"Hall, you let go, there. There'll be no chaffing a tenderfoot whilst I'm around and you know it."
"Who says so?" laughed Handsome Harry.
"My foppish friend," spoke up The Senator, "the reputation of Grizzley Bob says so. A reputation that is the terror and admiration of every mining camp in the mountains. A dead shot, a sure thing with the knife, a heart to succor the oppressed and often to protect the shiftless," acridly.
"I thank you, Senator! Your species of implication is worthy the splendor of your mighty apparel. The old swallow-tail retains its pristine glory, I perceive, though your other habiliments have one by one yielded to the ravages of time, and been replaced by the rough and ready garments of the frontier. Perchance - "
"Hall, have I got to make you let go of this pore devil!" Bob's powerful figure came forward into the full light of the huge fireplace. One-half the face above the comely form was hideously repulsive. It had been literally torn away and what remained was so scarred and seamed that it scarcely bore any resemblance to a human countenance.
His one remaining eye was large, dark and glowing with kindness as he bent over the victim of his partner's latest joke.
"Ye-ah," drawled old Doc Smithers, precipitating a large mouthful of brown liquid into the fireplace. "Bob, he'll pet 'im, an' that ol' bulldog o' his'n 'ull lick im, an' next thing we know Bob'll be givin' 'im a claim, just like he took in Handsome Harry hisself goin' on two years ago. Look at the dandy, struttin'! Bob buys 'im all them fancy togs an' loves to see 'im wearin' 'em. White hands, an' red cheeks, an' straight nose like a gal. Swan, ef he wasn't so ornery an' long-limbed I'd a mind to call 'im one. Ef 'twant for his hidin' behind Bob so, I'd - "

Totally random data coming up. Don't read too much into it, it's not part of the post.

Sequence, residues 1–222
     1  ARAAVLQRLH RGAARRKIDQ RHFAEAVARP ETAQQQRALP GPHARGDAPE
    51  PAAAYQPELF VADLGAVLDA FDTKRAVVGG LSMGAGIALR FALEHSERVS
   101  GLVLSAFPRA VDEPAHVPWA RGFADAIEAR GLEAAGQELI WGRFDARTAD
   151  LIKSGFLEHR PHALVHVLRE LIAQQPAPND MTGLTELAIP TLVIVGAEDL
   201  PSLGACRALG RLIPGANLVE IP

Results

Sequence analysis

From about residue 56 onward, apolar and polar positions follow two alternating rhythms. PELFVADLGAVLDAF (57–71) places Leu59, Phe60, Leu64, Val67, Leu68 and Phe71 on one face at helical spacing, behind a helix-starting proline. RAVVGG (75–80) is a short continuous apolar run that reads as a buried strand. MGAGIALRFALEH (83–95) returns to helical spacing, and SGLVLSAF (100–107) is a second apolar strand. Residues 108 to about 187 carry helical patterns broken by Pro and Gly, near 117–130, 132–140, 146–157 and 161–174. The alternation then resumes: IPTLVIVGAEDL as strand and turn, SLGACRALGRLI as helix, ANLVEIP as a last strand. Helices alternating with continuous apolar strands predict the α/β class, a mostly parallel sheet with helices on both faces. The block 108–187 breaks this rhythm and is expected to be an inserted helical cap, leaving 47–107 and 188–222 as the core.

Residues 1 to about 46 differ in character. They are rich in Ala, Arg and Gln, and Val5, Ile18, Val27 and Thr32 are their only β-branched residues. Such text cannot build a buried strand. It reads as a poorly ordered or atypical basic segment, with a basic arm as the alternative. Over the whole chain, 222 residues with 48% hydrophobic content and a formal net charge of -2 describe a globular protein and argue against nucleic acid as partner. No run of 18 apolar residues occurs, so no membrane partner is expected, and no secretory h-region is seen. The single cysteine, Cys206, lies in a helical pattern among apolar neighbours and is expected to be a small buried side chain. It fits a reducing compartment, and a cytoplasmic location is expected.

What he'd have done was never known, for the whole room-full of prankish, loud-voiced, roistering men was suddenly struck dumb by the unwonted sound of a lady's voice out in the darkness.
Bull-doze reached her first, Bob next, and Handsome Harry third. She was only a slip of a young thing and the fright she got from the kindly rush of the old bulldog was immeasurably increased by Bob's frightful caricature of a face. She turned, shuddering, to the handsome, richly-decked young Englishman.
"My father and mother, sir, are very ill. I was going after a doctor, but I am tired out. I can go no further. Oh, could one of you go on to Angel's, whilst I rest with some lady of your town?"
Harry was apparently speechless from the thrall of her fresh young beauty, because it was Bob who answered.
"You certainly can, Miss! Grizzley Bob's word on that. Where'd you come from?"
"From Roundtree's, sir," timidly. Bob had turned to call orders through the open door and the girl gasped as the strong, manly profile of the unscarred half of his face was turned toward her. Bull-doze licked her white fingers, and she stooped to pat his ugly head so that the long curls at her temple might hide her face from the look in Hal's bold eyes.
"Hey, Antelope Bill, saddle that ewe-necked cayuse of yours and vamoose, pronto, after the doctor. Plug Hat Pete, you've got the best cabin in town. We'll want it for the lady."